Saudi Arabia with Zero Tourists: Tabuk, Tayma & Al Hufuf
There is Much to Discover: Tabuk, Tayma and Al Hufuf
By Max Hartshorne
During a drive down a highway that shimmered with waves of heat I glanced at the thermometer on the dash…44, or 111 F.
Another typical afternoon in Al Hufuf, Saudi Arabia, with the temps at their normal sizzling range above 111 degrees.
Much of the life goes on here in the middle of the night, when it’s cooler. The brutal sun in Al-Hafuf, even in May, was relentless.
That’s why the airports are bustling full of people at four in the morning, and why at midnight you can walk a street in Tabuk and find many people out and about.
Our driver Mohammed pulled over to the side of the road and my guide waved to a man sitting on a bulldozer about 100 yards away.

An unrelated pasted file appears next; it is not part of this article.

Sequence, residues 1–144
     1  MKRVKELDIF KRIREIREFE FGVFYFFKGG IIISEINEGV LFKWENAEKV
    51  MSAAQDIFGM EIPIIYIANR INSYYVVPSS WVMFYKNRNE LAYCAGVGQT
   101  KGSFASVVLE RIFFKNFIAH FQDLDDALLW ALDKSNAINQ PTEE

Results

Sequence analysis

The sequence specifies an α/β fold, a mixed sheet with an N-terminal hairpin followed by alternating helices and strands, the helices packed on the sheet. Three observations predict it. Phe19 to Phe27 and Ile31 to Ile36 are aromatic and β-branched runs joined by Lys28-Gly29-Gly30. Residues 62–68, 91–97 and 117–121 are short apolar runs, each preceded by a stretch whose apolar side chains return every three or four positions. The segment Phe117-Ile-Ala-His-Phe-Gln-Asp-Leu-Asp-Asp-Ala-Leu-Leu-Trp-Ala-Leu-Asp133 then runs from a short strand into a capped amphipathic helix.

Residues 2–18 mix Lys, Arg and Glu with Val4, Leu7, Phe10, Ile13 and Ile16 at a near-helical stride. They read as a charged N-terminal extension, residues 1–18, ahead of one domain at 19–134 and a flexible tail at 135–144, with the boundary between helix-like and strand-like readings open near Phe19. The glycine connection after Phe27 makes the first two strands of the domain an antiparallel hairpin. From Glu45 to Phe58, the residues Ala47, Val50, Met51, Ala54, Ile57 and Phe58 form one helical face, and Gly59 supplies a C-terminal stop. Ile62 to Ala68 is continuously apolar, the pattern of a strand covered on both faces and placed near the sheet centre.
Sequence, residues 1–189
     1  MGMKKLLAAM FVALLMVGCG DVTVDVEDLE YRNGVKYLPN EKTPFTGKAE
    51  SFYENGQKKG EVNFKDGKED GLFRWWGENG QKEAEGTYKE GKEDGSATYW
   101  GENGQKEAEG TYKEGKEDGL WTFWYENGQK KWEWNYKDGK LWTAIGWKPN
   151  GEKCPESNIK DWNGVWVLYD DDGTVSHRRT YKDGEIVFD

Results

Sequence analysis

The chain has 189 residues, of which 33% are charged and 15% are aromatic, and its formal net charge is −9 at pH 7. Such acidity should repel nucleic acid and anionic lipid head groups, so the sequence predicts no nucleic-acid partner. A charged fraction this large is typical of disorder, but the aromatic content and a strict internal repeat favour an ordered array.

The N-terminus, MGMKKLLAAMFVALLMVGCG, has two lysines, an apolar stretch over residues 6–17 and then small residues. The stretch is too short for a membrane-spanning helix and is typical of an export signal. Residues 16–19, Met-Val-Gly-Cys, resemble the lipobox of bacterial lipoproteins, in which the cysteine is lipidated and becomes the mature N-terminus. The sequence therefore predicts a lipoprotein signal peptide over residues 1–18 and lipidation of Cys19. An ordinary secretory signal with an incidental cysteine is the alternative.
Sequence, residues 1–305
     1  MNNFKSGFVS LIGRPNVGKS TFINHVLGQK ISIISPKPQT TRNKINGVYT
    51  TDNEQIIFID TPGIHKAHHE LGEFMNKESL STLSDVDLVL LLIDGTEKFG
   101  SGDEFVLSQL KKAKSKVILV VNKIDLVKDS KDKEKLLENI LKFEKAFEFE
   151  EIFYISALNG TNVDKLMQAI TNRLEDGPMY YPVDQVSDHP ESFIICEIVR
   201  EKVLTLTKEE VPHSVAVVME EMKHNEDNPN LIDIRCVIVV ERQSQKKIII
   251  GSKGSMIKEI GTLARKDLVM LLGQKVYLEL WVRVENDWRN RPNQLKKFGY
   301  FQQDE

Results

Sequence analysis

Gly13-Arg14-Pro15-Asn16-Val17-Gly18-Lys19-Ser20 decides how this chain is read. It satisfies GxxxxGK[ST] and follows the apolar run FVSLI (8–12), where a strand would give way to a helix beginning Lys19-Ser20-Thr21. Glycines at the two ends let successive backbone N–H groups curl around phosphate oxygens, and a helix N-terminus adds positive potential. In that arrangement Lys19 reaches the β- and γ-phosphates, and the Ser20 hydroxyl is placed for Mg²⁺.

Ali got out of the car into the afternoon heat with a large bag containing the leftovers from our traditional Saudi lunch including roasted camel, chicken, rice and hummus.
The man, with the dark face of one of the nations’ millions of Bangladeshi workers, smiled as he took the bag from my guide Ali.
He thanked him and ran back to the bulldozer and we sped off in the shimmering heat. It’s a Saudi tradition to give away food.
Tabuk, The Only City Near NEOM
A visit to the city of Tabuk, the nearest city to the vast NEOM project in the north of Saudi Arabia, gave me a fascinating glimpse into the people’s lives here and their ancient Bedouin culture.
NEOM is going to be a gigantic new city, featuring a linear building more than 100 miles long and a vast assortment of industrial and tourism projects including a ski area.
As a 90-year-old country that only in recent years has opened to tourism, I had been wanting to experience the Kingdom of Saudi Arabia (KSA) for decades.
With the quick and easy visa process the Kingdom has introduced, I had my visa ready in less than 30 minutes. It cost $142, including mandatory travel insurance.